University observes Veterans Day

By Amanda Acuna


University of the Incarnate Word students with military backgrounds shared what serving their country meant to them Friday, Nov. 11, at the annual Veterans Day ceremony.

Held in Our Lady’s Chapel, the ceremony started off with the singing of the “Star Spangled Banner” and welcome remarks from the Rev. Dr. Trevor D. Alexander, Protestant chaplain.

Alexander, an Army veteran, gave a short history of Veterans Day and recognized men and women attending the ceremony who served or are serving in the U.S. Navy, Coast Guard, Air Force, Marines and Army.

A prayer was given in remembrance of those who have served and for peace on Earth. There was a reading from the biblical book of Isaiah by Brenda Dimas, administrative assistant for University Mission and Ministry. Following the reading, “Partners of the Mission” was sung.

Dr. Kevin LaFrance, an Army veteran and associate professor of healthcare administration, gave an explanation and narrative of the American flag folding while two servicemen folded it.

LaFrance explained what each fold of the flag – 12 in all – meant.

“The first fold of the flag is a symbol of life,” LaFrance said. “To a Christian citizen, the next fold represents an emblem of eternity and glorifies God the Father, God the Son, and God the Holy Spirit.”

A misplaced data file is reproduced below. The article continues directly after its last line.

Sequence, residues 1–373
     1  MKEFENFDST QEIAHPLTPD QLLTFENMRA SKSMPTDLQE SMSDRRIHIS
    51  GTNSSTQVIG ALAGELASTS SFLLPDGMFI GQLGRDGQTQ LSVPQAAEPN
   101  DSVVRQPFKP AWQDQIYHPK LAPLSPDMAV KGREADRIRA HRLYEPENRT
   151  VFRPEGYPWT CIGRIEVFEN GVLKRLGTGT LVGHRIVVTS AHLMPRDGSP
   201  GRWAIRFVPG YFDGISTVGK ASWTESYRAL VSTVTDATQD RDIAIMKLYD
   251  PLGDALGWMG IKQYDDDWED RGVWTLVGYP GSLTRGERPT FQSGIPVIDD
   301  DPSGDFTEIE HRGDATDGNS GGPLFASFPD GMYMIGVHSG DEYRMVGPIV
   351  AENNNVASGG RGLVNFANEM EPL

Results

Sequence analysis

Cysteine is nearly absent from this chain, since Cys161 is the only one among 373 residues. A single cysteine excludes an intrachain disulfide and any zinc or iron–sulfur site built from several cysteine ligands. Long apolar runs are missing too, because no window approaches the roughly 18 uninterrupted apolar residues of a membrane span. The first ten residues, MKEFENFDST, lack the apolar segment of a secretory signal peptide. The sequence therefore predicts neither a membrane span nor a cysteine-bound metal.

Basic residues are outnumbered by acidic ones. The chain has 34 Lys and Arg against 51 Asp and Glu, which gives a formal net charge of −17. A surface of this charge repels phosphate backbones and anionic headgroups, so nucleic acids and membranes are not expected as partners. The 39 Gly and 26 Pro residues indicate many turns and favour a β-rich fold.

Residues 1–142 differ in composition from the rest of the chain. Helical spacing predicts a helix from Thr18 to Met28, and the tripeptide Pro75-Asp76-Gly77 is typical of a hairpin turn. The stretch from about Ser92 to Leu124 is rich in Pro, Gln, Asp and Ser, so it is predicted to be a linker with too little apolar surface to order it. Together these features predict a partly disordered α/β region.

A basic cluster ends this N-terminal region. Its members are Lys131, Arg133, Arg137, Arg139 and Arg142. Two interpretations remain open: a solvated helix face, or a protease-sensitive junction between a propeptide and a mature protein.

Following the folding of the flag, there was an act of recognition by the Center of Veterans Affairs to three of their work-study students: Army veteran Clarence Favorite, Air Force veteran Paul Warner, and Navy veteran David De La Fuentes.

Each veteran spoke briefly about what Veterans Day meant to them and what service means to them as a veteran.

“Being a veteran means I uphold all the values that were instilled in me in the Army,” Favorite said.

All the veterans were proud to have served this country and to be able to share their thoughts on why this day was special to them.

“Why do I serve? Serving my country is serving humanity,” De La Fuentes said.

A Litany adopted from “The Book of Worship for the United States Forces” was read by Karissa Vigil, a graduate communication arts major, to give thanks to God for those who are currently serving and have served.

Dr. Glenn James, an Air Force veteran and associate provost for institutional effectiveness and assessment, gave some remarks before the program in the chapel closed with the singing of “My Country, ‘Tis of Thee” and participants moved outside to Cardinal Courtyard for a reception.


Leave a Reply